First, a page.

Japan says ties with Taiwan are ‘unofficial’ following row with China

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Taiwan, Japan relations
A Taiwan Coast Guard officer stands guard under a Taiwanese flag during Taiwanese President Ma Ying-jeou's visit to Pengjia Islet in the East China Sea, north of Taiwan, Saturday, April 9, 2016. Ma visited the small island to reassert Taiwan's sovereignty and its role in the contested region, one of the key issues of his administration that ends next month. Ma's visit to Pengjia, roughly 35 miles (56 kilometers) north of Taiwan proper, was his administration's second propaganda trip to an island in three weeks. It came four years after Ma last visited Pengjia to propose a plan to address territorial disputes between China, Taiwan and Japan over the nearby chain known as Senkaku in Japanese and Diaoyutai in Chinese. (AP Photo/Chiang Ying-ying)

Japan’s relations with Taiwan are non-governmental and practical and are based on Tokyo’s recognition of China as the sole legitimate government, a top Japanese official has said.

The clarification follows protests by the government in Beijing over a recent reference to the island as a country by the Japanese prime minister.

As China flexes its muscles in the Taiwan Strait and the Asia-Pacific region, the issue of Taiwan is a sensitive topic, especially as Japan, the US and other democracies develop closer ties with the self-ruled island that Beijing regards as a renegade territory to be united by force if necessary.

Chief cabinet secretary Katsunobu Kato told a regular news conference that “Japan’s position is to maintain working relations with Taiwan at the non-government level”, in line with the 1972 Japan-China Communique, when Tokyo switched the diplomatic recognition from Taiwan to China.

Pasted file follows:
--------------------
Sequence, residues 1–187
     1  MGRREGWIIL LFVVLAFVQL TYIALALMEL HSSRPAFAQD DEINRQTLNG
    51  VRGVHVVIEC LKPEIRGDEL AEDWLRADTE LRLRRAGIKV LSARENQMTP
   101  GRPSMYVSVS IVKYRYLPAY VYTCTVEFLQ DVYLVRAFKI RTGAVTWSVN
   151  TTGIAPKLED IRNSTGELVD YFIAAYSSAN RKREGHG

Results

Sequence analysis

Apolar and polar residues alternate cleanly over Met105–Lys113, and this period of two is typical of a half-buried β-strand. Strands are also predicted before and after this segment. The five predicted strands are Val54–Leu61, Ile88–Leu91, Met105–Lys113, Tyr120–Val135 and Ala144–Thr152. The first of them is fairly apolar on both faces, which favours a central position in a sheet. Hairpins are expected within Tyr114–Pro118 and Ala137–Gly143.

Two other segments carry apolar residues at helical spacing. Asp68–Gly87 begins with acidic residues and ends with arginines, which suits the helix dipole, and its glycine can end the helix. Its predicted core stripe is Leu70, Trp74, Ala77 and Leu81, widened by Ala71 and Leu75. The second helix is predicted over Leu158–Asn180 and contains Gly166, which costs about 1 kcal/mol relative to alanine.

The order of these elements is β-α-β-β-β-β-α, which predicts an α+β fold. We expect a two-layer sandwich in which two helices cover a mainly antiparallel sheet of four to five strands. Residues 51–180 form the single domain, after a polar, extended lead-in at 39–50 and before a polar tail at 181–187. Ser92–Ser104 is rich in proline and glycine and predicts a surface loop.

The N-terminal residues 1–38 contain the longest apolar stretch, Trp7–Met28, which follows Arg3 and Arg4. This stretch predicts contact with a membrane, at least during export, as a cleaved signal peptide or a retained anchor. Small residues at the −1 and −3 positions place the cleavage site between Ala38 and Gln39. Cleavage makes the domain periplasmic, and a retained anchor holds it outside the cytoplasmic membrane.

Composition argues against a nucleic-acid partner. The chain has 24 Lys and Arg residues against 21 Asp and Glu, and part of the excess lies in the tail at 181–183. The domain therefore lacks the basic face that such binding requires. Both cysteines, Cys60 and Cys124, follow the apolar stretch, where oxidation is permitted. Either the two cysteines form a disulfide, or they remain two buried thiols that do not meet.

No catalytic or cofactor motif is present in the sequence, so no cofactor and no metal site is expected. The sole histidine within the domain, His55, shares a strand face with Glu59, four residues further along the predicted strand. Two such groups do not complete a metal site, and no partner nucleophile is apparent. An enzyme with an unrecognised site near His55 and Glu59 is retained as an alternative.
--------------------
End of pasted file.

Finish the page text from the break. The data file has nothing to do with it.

“That’s our basic policy and there is no change to that.”

Mr Kato’s remark came a day after China protested against Japanese prime minister Yoshihide Suga’s reference to Taiwan as a country during a parliamentary debate on Wednesday.

Mr Suga, while answering a question about pandemic measures, made a passing reference to Taiwan, New Zealand and Australia as “three countries”.

Chinese foreign ministry spokesperson Wang Wenbin said the comment violated Japan’s “solemn promise to not regard Taiwan as a country”.

“We strongly deplore Japan’s erroneous remarks and have lodged solemn complaints with Japan, demanding that Japan immediately make clear clarifications to eliminate the adverse effects caused by relevant remarks, and to ensure that such situations will not happen again,” Mr Wang said.

On Friday, Japan’s upper house of the parliament adopted a resolution calling on the World Health Organisation to include Taiwan in its general meetings, saying its expertise on coronavirus measures is indispensable.

China has so far blocked the move, and has increased Taiwan’s diplomatic isolation, leaving it with just over a dozen formal diplomatic allies.

Taiwan still operates a network of trade offices around the world that act as de-facto embassies, including in the United States, Japan and most other major nations.]

Japanese foreign minister Toshimitsu Motegi carefully referred to Taiwan as “a region” in his brief remarks, emphasising the importance of including the island for the benefit of international public health.

Japan also has donated 1.24 million doses of the AstraZeneca vaccine to Taiwan as it battles its largest outbreak of infections amid a shortage of jabs.

Taiwan has blamed China for interfering in a potential deal for another vaccine.

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